Mike Bergey, president of Bergey Windpower, the nation’s leading small turbine manufacturer, said “bozos and shysters” have made outrageous promises to consumers about power production and then ripped them off with poor-quality equipment.
“I can’t tell you how many times I’ve been at a home show and every third person comes up and says they heard a vertical axis turbine can take care of all the needs of a whole house,” he said. “You realize you have some explaining to do just to get to zero.”
In Minnesota, Attorney General Lori Swanson filed a lawsuit in January against Renewable Energy SD after several of its small wind turbines malfunctioned. The company’s owner had claimed his turbines would last 25 years and that they would pay for themselves within 5 to 10 years. One customer’s turbine failed after a few weeks, and others didn’t receive wind turbines at all, according to the lawsuit.
A slowing of state and federal incentives has crippled the industry, too, said Jennifer Jenkins, executive director the Distributed Wind Energy Association (DWEA). Her assertion is backed up in the 2011 AWEA small wind report.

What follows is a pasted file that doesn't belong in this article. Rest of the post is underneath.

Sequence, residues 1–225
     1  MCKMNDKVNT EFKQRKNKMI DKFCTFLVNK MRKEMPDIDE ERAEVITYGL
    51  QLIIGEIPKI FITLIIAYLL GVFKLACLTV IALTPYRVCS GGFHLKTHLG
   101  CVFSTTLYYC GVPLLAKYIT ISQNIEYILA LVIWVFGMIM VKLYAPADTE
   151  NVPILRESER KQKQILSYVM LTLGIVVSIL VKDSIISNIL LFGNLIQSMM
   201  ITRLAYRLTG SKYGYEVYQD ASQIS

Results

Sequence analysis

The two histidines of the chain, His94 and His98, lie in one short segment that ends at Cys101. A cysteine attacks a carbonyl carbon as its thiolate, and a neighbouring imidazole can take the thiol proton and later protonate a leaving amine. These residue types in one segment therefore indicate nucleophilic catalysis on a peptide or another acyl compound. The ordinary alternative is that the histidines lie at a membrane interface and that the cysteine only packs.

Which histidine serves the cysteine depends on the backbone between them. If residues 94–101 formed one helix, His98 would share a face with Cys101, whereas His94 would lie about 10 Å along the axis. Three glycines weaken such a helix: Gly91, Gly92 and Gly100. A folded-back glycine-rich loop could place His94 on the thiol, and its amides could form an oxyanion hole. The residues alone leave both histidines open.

“While state cash incentive programs contributed substantially to 2011 small wind turbine sales, many were short-lived or experienced funding gaps – a continuation from 2010,” said the report. “Texas, Wisconsin, Nevada, Minnesota, Colorado, Vermont, Illinois, Arkansas and Utah temporarily or permanently closed their small wind programs during 2011 after they became fully subscribed.”
Small wind has a federal incentive that amounts to a 30 percent credit for the cost of a system. But that’s clearly not enough to jumpstart the market. Jenny Heinzen, curriculum and training coordinator for the Midwest Renewable Energy Association, said small wind declined in Wisconsin after a brief flurry of interest from 2006 to 2008.
As utility-scale wind energy has become politicized in Wisconsin, small wind “got sucked into it — it was guilt by association,” she said.